There were wildlife, nature, still life, landscape and portrait images, and some photographs of urban architecture. Doug commented on the overall sharpness and depth of field of each image, as well as its exposure and contrast. Some images could be improved by increasing the local contrast to cover a wider range of grey levels, as long as detail isn’t lost from the shadows or highlights. He also commented on the geometry and the textures each photographer had captured, or attempted to capture. For some of the urban shots he speculated whether a different viewpoint could have created a stronger image. Some macro shots needed a larger depth of field to capture more detail, and some shots had been over-sharpened. Doug also pointed out bright distractions which could be darkened, and suggested a vignette to pull attention away from the edge of the edge of a shot and back to a central subject. But Doug was impressed by the overall quality of the entries and awarded a lot of high marks.

The top scorers were (in reverse order):

  • 5th place (49 points)
    • Steven Beard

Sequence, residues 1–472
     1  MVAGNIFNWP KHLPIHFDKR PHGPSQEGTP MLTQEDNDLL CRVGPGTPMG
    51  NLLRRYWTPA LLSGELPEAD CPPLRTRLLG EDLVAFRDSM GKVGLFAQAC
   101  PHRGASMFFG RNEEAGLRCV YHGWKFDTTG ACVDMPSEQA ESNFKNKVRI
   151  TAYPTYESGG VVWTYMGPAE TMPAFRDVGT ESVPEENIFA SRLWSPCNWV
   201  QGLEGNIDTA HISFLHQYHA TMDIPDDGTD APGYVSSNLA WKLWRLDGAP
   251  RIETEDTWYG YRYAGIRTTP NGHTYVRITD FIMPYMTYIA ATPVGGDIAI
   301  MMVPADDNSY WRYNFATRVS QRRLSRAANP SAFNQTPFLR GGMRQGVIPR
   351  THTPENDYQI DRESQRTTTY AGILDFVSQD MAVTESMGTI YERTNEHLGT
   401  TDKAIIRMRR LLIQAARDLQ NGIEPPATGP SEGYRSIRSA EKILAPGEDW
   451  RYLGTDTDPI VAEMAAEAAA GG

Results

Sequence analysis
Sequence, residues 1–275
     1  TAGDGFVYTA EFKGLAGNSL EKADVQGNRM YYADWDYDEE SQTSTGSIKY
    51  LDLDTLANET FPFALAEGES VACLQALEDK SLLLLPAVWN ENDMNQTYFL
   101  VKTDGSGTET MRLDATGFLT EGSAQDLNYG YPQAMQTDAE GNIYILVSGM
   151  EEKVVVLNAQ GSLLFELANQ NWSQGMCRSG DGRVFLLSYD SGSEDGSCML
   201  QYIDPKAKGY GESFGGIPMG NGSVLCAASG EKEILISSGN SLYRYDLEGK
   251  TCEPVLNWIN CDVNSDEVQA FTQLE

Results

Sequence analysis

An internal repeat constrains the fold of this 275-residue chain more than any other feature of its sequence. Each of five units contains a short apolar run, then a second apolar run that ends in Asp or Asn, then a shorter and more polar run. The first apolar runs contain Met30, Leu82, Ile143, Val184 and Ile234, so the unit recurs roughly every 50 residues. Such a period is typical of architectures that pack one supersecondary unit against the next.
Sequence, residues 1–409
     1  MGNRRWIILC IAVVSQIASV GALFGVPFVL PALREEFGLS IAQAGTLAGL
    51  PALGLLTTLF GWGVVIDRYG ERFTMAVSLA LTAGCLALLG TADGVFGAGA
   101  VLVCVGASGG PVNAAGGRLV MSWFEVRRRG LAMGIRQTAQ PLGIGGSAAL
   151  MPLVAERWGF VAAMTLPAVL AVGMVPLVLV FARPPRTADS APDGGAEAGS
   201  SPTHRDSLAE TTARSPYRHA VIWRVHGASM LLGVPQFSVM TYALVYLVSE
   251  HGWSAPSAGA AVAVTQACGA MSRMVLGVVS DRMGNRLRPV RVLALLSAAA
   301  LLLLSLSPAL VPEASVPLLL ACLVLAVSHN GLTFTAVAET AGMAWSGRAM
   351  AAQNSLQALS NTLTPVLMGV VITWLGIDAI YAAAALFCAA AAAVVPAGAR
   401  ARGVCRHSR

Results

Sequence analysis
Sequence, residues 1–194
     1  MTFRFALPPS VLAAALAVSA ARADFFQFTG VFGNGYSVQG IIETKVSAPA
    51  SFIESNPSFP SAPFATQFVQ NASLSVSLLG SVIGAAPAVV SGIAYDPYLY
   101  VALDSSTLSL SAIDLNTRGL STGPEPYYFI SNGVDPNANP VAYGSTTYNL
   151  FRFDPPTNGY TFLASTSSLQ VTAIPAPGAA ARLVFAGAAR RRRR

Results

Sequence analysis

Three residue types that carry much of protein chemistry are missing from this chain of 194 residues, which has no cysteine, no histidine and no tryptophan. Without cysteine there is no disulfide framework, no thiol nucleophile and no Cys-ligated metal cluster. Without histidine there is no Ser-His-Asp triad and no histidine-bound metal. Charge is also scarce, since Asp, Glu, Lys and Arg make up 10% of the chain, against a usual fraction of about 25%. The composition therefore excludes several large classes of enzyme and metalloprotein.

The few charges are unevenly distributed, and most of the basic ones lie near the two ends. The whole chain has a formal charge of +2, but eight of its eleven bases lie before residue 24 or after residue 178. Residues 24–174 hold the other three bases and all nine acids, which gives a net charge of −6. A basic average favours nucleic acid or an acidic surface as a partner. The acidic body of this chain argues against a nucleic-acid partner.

• John West
  • 4th place (50 points)
    • Sean Conner
    • Gordon Davidson
  • 3rd place (52 points)
    • Jennifer Davidson
  • 2nd place (53 points)
    • Mike Clark
    • Steve Williams
    • Elaine Gilroy
    • Carol Edmund
  • 1st place (55 points)
    • Joe Fowler
    • George Todd
    • Anne Yeomans

The top images were:

  • Withered Rose (Elaine Gilroy) – 20 points (and Doug’s best image of the night)
  • Eyes Front (George Todd) – 20 points
  • Hurricane (Mike Clark) – 20 points
  • Reflections (Carol Edmund) – 20 points
  • Otter with Dogfish (Anne Yeomans) – 20 points
  • The Farrier (Joe Fowler) – 19 points
  • The Forge (Joe Fowler) – 19 points
  • Storm over Lisbon (Steve Williams) – 19 points
  • Hands (John West) – 19 points

Well done to Joe, George and Anne for their joint win, and well done to Mike, Steve, Elaine, Carol and Jennifer, who all win medals. It looks like the club will have to increase its medal budget!

Human Portrait Competition – Change of Date

I have been informed that we had the wrong date for the Human Portrait competition on the syllabus. Simon Wooton could not make the original date of 28th January 2021. The competition was moved to 14th January 2021 but the syllabus on the web site was not updated. George informs me that the closing date was this Thursday, 10th December, but as this is too short notice for everyone Simon has agreed to receive our images next week instead.

So please start preparing your human portrait images and submit them to George by 17th December 2020.

Apologies for the mistake on the syllabus. It has been corrected.

 

03 December 2020 (International Dutch Members Evening)